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January 24, 2013

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When Dweezil first formed the band, he was acutely aware that many people thought of his father as a musical comedian akin to Spike Jones. For the first few years he “purposely stayed away from the humor in his music because I wanted people to recognize its value as music, not as novelty.”

Since then his attitude has softened, and these days he says, “My goal (is) to give people a live experience that allowed them to hear a broad cross-section of Frank’s music—some of which they might be pretty familiar with and some might be brand new. But we wanted to be sure that we played it in a way that is most evocative of the era and also respectful of the composition itself.”

The six musicians in the band have spent countless hours mastering not only the notes but the feel of Zappa’s music. “The current version of the band only has six players,” said Dweezil, “but they’re multi-tasking and recreating the sound of several ensembles. For instance, the girl who plays saxophone also plays keyboards, and sometimes she does both at the same time. I’m covering textures ranging from piccolo flutes to violins on the guitar. It took us about 20 hours of listening as a band to figure who’s going to play which parts and where … it’s very particularly timed so this multi-tasking can take place. The lead singer in the band also plays trumpet and trombone. There’s Olympic style-choreography going on in these pieces. It’s a real challenge to learn this stuff.”

Frank Zappa was first a drummer and was always drawn as much to rhythm as to melody. He was also a very adept studio engineer and one of the first to use the studio as another instrument (much like George Martin when he was working with The Beatles). Talking about his remarkable skills in the studio, Dweezil cited the piece many regard as one of his most enduring compositions, “Peaches en Regalia.” In that tune, he said, “There’s a lot of tape machine speed manipulation in order to create textures that aren’t otherwise possible. Towards the end there are sped-up drum parts that were recorded at slow speed and then played back at regular speed changing the pitch of the instruments. He did the same thing with the saxophone lines that are in there … in essence changing the register of the instrument to a register that’s not possible to play, creating a texture and an instrument that doesn’t exist. In a way, he was inventing his own instruments. He was always on the cutting edge of production as well as composition.”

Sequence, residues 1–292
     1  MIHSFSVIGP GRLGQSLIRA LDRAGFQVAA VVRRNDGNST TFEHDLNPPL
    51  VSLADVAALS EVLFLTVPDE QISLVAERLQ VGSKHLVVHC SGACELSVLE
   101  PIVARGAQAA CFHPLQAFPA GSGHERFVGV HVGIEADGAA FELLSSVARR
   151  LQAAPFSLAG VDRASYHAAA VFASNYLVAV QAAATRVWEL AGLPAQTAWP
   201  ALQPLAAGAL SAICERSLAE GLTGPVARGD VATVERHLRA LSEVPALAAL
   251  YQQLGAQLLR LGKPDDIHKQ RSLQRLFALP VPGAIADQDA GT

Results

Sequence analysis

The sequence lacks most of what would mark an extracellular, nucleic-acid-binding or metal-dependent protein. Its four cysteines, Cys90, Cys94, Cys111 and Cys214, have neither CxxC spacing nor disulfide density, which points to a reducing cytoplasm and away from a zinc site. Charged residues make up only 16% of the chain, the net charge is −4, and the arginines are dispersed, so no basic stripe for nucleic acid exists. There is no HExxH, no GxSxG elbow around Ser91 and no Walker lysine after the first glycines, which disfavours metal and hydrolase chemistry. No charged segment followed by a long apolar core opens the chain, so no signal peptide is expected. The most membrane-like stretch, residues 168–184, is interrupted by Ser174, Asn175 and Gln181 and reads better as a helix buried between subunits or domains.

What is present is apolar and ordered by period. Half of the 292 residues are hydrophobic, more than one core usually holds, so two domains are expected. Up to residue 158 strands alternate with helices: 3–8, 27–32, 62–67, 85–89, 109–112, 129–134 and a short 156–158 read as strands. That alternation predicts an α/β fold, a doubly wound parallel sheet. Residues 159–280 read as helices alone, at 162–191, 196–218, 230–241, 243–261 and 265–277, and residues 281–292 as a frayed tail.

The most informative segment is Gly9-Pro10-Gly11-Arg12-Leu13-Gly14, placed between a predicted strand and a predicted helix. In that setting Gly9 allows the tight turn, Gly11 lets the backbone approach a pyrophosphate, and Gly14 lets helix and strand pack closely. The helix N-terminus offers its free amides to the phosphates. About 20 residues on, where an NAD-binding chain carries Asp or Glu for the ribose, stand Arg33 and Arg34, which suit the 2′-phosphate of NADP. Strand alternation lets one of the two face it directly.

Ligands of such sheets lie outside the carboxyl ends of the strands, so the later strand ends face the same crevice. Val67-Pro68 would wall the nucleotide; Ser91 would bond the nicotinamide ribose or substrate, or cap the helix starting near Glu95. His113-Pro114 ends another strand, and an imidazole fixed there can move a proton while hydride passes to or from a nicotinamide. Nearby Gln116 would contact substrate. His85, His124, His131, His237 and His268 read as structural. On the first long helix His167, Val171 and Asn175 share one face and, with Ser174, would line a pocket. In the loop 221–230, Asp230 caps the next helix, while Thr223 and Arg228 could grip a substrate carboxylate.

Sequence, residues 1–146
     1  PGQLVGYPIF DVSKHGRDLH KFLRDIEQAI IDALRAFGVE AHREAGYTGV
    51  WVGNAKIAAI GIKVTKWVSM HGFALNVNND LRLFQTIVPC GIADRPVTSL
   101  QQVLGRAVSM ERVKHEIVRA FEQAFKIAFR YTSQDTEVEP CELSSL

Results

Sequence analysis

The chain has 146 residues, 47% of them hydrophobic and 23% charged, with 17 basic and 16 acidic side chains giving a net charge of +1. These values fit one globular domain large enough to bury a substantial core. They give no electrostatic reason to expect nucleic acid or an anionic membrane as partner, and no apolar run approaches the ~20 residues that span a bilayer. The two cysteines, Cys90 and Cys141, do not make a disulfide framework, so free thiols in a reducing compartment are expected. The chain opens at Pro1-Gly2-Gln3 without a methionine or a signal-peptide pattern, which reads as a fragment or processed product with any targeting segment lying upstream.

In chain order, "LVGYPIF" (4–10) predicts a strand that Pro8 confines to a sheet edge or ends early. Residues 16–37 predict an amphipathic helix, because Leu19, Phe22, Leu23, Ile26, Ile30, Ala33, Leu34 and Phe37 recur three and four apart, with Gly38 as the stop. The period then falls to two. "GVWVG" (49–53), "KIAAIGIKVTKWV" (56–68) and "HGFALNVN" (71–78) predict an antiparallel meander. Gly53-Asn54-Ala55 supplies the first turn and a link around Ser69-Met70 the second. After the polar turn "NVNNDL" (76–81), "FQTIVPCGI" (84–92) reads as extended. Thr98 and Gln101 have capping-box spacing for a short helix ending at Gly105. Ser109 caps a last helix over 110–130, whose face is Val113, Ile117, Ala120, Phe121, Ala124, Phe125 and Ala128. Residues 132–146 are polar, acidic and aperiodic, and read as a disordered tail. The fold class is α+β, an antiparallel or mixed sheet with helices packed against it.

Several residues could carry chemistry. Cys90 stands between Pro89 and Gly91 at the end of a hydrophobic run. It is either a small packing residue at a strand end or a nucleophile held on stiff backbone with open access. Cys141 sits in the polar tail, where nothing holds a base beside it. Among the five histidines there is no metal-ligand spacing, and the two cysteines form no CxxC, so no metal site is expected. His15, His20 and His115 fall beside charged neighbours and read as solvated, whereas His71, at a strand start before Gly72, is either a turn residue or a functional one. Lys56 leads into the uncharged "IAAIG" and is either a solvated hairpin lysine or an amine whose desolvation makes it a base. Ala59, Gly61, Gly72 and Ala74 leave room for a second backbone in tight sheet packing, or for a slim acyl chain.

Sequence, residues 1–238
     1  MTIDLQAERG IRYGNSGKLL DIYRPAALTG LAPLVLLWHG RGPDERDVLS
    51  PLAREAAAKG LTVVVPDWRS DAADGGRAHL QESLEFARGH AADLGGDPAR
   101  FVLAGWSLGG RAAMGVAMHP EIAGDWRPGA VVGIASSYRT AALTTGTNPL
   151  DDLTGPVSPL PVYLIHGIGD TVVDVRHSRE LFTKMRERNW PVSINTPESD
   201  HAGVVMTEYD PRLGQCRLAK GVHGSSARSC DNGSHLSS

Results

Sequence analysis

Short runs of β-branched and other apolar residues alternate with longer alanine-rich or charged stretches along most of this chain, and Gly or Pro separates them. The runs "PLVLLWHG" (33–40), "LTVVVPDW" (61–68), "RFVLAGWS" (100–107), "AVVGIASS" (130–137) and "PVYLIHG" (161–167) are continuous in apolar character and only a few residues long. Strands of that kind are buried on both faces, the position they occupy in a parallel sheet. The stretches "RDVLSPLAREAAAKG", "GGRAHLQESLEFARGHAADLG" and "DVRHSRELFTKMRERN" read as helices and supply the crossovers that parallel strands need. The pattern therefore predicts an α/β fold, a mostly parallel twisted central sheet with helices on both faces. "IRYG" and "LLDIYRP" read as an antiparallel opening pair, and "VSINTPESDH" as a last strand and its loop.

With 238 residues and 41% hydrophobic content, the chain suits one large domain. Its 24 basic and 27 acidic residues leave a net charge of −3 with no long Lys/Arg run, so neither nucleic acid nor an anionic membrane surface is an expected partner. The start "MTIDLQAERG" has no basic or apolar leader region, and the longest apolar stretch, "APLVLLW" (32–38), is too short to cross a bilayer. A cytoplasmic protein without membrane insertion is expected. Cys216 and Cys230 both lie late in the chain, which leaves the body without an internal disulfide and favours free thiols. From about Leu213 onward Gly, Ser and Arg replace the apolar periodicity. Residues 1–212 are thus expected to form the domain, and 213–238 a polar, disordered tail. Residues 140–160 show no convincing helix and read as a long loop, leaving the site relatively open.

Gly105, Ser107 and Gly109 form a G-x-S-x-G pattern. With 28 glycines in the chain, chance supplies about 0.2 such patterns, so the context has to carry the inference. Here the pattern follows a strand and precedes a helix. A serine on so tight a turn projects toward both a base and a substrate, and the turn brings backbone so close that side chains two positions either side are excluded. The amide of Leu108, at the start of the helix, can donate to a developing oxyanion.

One of the many challenges Dweezil and the band faced was reproducing the sound and feel of music made on very early synthesizers. They have much more sophisticated computerized equipment to work with, of course, and the Midi allows them to reproduce the sound and timbre of a variety of instruments through a single keyboard. But the technical challenges are only the beginning. Zappa’s music was a rich gumbo teeming with the myriad threads of American music as well as European art music. “That was one of my biggest challenges,” says his son. “I didn’t have any background in jazz, in gospel, in country … these are all styles that people take a lifetime to learn on one instrument. You have to be able to play with the right sound, the right feel, and with authority. I had to brush up on a lot of different styles that I’d never learned about so I could play some of these songs. The way I end up doing it is by playing the parts as they are on the record.”

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January 24, 2013

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April 21, 2014

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April 22, 2014

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April 23, 2014

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April 24, 2014

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April 25, 2014

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April 26, 2014

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April 27, 2014

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